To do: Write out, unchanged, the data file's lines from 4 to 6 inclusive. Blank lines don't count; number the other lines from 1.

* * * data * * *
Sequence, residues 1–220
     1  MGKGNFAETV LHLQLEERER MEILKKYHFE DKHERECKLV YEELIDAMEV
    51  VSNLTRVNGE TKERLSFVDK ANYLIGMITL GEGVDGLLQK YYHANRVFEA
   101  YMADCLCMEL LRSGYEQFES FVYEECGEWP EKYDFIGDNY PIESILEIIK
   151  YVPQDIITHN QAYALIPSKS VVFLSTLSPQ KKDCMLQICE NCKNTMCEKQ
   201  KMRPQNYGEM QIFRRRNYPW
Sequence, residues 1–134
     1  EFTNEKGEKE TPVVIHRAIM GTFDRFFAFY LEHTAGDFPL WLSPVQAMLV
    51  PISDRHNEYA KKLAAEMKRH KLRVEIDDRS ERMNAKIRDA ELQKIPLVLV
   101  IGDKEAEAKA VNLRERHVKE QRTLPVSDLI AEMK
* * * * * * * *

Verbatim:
   101  YMADCLCMEL LRSGYEQFES FVYEECGEWP EKYDFIGDNY PIESILEIIK
   151  YVPQDIITHN QAYALIPSKS VVFLSTLSPQ KKDCMLQICE NCKNTMCEKQ
   201  KMRPQNYGEM QIFRRRNYPW